U.S. to hold pivotal trade talks with China and then EU
By Doug Palmer
WASHINGTON (Reuters) - The United States will hold high-level trade talks with China and the European Union this week, testing the Obama administration's ability to tear down barriers that impede U.S. exports and economic growth.
The United States and China will cap a rocky year of trade relations with two days of meetings beginning on Tuesday. The United States on Thursday will then shift from transpacific to transatlantic relations for talks with the EU.
The separate dialogues present distinctly different challenges, with fast-growing China receiving the bigger share of U.S. attention this year.
Heading into the annual U.S.-China Joint Commission on Commerce and Trade (JCCT) meeting, the Obama administration is under pressure from Congress to show progress on trade irritants ranging from beef to computer software.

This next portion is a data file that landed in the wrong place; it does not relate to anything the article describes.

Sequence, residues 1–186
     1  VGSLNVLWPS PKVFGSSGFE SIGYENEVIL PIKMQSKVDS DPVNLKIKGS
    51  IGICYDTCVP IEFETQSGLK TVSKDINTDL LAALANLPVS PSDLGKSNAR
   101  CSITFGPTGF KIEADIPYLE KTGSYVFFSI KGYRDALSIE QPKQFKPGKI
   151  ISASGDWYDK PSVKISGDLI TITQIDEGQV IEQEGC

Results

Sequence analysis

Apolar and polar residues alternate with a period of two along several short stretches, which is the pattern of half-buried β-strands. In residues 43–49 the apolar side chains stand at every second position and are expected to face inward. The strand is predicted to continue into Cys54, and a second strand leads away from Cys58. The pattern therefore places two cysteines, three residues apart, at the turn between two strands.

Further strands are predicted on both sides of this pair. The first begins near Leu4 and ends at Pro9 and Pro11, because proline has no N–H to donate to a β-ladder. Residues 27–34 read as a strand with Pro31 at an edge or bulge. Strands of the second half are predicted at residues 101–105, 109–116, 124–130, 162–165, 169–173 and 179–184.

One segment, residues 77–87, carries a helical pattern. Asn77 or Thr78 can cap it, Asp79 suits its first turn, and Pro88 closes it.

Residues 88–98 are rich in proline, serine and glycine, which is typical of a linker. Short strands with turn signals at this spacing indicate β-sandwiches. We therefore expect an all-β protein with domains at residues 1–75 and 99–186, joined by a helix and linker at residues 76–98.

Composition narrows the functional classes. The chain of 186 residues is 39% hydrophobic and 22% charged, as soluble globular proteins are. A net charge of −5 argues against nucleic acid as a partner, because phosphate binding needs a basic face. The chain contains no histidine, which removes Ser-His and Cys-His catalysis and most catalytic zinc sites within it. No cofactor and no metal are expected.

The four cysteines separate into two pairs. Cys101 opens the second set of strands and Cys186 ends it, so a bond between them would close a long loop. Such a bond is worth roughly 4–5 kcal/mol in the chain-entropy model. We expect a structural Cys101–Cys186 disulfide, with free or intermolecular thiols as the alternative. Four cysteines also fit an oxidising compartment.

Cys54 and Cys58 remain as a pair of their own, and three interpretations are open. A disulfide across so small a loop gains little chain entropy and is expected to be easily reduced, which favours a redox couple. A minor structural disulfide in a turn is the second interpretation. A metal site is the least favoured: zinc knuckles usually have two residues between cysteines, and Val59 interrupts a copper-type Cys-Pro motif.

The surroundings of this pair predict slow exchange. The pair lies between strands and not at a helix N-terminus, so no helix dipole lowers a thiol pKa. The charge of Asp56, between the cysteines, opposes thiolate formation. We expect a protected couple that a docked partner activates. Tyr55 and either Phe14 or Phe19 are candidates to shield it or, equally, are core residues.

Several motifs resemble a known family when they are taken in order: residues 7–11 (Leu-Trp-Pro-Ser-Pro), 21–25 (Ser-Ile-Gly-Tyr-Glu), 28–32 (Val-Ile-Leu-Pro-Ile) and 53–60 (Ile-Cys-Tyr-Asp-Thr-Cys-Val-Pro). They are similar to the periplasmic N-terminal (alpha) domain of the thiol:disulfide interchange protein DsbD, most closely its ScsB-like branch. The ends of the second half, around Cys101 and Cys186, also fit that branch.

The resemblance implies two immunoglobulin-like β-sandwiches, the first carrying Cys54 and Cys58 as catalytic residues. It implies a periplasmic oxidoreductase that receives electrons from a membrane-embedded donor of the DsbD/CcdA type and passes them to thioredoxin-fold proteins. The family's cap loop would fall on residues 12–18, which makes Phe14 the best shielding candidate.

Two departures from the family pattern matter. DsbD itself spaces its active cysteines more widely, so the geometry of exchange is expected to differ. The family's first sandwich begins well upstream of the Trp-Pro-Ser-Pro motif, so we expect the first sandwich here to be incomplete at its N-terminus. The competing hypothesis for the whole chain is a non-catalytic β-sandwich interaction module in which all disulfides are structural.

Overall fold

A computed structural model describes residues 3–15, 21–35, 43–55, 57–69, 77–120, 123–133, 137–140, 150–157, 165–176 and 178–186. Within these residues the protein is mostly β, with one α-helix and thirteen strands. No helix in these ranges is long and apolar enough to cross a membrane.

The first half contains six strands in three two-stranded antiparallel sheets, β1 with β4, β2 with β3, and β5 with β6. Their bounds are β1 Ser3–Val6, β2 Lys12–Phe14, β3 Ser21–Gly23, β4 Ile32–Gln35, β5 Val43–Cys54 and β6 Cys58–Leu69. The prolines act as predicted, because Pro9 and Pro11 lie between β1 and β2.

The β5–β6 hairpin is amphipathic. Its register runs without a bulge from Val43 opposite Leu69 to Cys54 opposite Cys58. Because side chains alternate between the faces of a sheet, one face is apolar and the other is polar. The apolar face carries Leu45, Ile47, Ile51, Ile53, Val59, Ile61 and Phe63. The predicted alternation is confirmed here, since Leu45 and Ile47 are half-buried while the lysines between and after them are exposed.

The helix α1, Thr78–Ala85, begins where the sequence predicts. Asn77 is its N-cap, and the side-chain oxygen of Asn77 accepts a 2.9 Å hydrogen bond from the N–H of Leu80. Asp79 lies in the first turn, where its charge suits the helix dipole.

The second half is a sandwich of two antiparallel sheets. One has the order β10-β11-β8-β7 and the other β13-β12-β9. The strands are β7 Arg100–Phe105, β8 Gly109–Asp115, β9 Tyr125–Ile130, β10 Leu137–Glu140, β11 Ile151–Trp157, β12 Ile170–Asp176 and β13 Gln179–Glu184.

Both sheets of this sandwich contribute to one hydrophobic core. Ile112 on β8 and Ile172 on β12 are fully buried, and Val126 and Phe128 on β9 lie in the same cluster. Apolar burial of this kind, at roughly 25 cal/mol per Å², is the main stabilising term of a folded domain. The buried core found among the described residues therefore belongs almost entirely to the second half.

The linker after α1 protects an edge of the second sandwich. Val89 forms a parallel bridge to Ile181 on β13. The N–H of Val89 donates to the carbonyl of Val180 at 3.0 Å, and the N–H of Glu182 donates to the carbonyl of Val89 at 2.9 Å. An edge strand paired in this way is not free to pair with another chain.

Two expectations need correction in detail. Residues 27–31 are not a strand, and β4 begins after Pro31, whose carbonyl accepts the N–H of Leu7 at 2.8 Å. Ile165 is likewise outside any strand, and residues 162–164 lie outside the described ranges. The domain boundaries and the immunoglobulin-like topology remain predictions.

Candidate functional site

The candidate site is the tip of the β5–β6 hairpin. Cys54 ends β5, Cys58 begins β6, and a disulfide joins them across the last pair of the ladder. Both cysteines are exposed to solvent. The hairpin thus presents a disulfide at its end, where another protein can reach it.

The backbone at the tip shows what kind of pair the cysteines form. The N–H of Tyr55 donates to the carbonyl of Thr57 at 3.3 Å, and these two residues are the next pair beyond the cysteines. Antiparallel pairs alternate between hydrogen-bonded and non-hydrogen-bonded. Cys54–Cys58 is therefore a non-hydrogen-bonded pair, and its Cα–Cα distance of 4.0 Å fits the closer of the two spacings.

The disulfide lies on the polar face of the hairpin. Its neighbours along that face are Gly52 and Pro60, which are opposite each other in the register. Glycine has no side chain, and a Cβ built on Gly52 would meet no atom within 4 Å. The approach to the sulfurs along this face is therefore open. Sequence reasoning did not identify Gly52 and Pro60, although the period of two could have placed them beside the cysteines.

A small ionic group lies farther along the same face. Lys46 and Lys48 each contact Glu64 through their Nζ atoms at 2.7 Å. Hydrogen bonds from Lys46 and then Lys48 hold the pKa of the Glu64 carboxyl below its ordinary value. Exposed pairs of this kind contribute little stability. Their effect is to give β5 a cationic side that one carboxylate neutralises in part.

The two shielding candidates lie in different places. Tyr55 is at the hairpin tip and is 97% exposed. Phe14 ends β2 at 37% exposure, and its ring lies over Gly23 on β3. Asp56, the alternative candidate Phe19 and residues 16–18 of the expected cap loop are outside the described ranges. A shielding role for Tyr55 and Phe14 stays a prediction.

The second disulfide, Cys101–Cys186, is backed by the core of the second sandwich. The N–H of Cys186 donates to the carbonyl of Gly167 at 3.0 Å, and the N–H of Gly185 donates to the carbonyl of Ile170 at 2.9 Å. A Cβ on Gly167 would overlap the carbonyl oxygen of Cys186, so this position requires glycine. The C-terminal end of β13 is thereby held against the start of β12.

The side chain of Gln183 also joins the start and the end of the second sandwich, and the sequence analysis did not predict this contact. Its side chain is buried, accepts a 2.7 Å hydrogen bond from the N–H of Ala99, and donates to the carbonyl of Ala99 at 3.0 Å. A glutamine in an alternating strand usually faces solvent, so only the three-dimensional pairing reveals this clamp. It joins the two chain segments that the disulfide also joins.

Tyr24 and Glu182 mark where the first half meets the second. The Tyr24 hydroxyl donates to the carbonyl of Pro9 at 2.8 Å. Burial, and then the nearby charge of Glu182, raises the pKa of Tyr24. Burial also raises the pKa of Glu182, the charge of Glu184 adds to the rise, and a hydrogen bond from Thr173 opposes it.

Chinese Vice Premier Wang Qishan will head a delegation of nearly 100 officials for talks led on the U.S. side by Commerce Secretary Gary Locke and Trade Representative Ron Kirk.
A bipartisan group of U.S. members of the House of Representatives on Friday complained that promises made by China at past JCCT meetings "have failed to lead to commercially meaningful market access for U.S. companies."
They urged Locke and Kirk to press China to commit to specific targets for measuring how much it is cutting piracy of U.S. software and other intellectual property and boosting imports of American goods.
The United States is also expected to press China to loosen export restraints on rare earth minerals used in a variety of clean energy and high-tech industry technologies. Continued...